James K. Wellman
Topics vary with each offering.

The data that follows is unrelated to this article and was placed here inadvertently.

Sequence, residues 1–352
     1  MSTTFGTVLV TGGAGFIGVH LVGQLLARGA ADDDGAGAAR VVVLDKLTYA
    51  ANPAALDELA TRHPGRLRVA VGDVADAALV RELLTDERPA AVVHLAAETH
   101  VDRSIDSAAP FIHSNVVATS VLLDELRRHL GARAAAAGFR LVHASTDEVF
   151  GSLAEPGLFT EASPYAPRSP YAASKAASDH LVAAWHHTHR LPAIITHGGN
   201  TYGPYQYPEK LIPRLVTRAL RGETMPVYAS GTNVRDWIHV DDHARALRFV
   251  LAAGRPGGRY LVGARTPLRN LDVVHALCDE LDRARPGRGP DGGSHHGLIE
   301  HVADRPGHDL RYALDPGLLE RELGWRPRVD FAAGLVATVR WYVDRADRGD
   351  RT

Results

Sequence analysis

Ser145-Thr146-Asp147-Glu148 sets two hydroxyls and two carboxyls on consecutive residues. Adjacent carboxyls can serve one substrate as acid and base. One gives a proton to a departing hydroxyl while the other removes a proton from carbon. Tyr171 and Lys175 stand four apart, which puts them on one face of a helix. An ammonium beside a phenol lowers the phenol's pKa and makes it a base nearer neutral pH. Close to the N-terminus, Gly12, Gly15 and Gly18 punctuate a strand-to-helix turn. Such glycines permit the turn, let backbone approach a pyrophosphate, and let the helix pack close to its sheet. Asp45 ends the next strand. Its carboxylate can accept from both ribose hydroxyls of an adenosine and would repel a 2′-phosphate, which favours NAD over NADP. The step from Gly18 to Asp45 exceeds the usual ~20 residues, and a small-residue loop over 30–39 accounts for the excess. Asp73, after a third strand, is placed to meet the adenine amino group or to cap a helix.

For Spring 2012 In 1951, H. Richard Niebuhr, the less known but many would argue superior theologian to his better known brother Reinhold, penned the classic Christ and Culture. Niebuhr sought to excavate and outline, across the history of Christianity, five ideal types to describe the relation of faith and culture, religion and culture, Christianity and culture. Niebuhrís five types included: Christ against culture; the Christ of culture; Christ above culture; Christ and culture in paradox, and finally, the one Niebuhr tended to favor, Christ the transformer of culture. Niebuhr drew on his encyclopedic knowledge of Christian history and thought to synthesize the vast complexity of relations between Christianity and its various cultures. His work was a classic that no one has surpassed. Many have tried. We will study the original and the various critics of the work. This is about Christianity and culture, but the framework and thinking can be used to apply to other religions and cultures. The course invites an intense examination of Niebuhrís work and his critics; students, however, are encouraged to bring their own research, on whatever religion, to examine and present for their final papers, in light and in critique of Niebuhrís classic.
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